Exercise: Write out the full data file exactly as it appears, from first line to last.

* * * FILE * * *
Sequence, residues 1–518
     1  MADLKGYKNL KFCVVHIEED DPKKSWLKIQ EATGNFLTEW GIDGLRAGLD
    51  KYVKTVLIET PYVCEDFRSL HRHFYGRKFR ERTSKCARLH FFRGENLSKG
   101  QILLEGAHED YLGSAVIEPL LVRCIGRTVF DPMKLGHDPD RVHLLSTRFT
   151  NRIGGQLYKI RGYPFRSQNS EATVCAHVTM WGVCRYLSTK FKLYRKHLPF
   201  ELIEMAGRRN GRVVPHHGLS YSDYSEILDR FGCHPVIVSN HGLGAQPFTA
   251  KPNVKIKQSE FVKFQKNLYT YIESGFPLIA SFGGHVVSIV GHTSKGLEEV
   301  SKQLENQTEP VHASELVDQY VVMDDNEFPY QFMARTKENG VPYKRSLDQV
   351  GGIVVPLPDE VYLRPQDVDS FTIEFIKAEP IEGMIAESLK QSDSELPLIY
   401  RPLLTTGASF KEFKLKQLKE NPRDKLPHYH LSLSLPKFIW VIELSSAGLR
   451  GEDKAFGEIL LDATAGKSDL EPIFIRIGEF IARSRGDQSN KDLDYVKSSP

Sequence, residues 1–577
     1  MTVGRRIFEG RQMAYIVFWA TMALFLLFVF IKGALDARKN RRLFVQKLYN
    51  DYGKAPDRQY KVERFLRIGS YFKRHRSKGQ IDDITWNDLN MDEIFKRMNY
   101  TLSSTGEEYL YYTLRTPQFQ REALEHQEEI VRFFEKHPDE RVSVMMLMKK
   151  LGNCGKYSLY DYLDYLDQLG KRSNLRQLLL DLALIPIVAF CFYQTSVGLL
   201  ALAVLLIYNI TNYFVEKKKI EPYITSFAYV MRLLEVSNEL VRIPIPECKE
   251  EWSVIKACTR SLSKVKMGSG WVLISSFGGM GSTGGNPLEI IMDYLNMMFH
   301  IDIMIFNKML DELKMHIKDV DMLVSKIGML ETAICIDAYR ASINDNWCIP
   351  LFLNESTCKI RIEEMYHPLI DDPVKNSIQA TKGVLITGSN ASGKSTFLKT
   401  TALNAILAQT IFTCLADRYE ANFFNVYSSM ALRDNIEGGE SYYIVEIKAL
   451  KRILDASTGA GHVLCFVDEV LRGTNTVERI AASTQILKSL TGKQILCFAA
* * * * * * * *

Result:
Sequence, residues 1–518
     1  MADLKGYKNL KFCVVHIEED DPKKSWLKIQ EATGNFLTEW GIDGLRAGLD
    51  KYVKTVLIET PYVCEDFRSL HRHFYGRKFR ERTSKCARLH FFRGENLSKG
   101  QILLEGAHED YLGSAVIEPL LVRCIGRTVF DPMKLGHDPD RVHLLSTRFT
   151  NRIGGQLYKI RGYPFRSQNS EATVCAHVTM WGVCRYLSTK FKLYRKHLPF
   201  ELIEMAGRRN GRVVPHHGLS YSDYSEILDR FGCHPVIVSN HGLGAQPFTA
   251  KPNVKIKQSE FVKFQKNLYT YIESGFPLIA SFGGHVVSIV GHTSKGLEEV
   301  SKQLENQTEP VHASELVDQY VVMDDNEFPY QFMARTKENG VPYKRSLDQV
   351  GGIVVPLPDE VYLRPQDVDS FTIEFIKAEP IEGMIAESLK QSDSELPLIY
   401  RPLLTTGASF KEFKLKQLKE NPRDKLPHYH LSLSLPKFIW VIELSSAGLR
   451  GEDKAFGEIL LDATAGKSDL EPIFIRIGEF IARSRGDQSN KDLDYVKSSP

Sequence, residues 1–577
     1  MTVGRRIFEG RQMAYIVFWA TMALFLLFVF IKGALDARKN RRLFVQKLYN
    51  DYGKAPDRQY KVERFLRIGS YFKRHRSKGQ IDDITWNDLN MDEIFKRMNY
   101  TLSSTGEEYL YYTLRTPQFQ REALEHQEEI VRFFEKHPDE RVSVMMLMKK
   151  LGNCGKYSLY DYLDYLDQLG KRSNLRQLLL DLALIPIVAF CFYQTSVGLL
   201  ALAVLLIYNI TNYFVEKKKI EPYITSFAYV MRLLEVSNEL VRIPIPECKE
   251  EWSVIKACTR SLSKVKMGSG WVLISSFGGM GSTGGNPLEI IMDYLNMMFH
   301  IDIMIFNKML DELKMHIKDV DMLVSKIGML ETAICIDAYR ASINDNWCIP
   351  LFLNESTCKI RIEEMYHPLI DDPVKNSIQA TKGVLITGSN ASGKSTFLKT
   401  TALNAILAQT IFTCLADRYE ANFFNVYSSM ALRDNIEGGE SYYIVEIKAL
   451  KRILDASTGA GHVLCFVDEV LRGTNTVERI AASTQILKSL TGKQILCFAA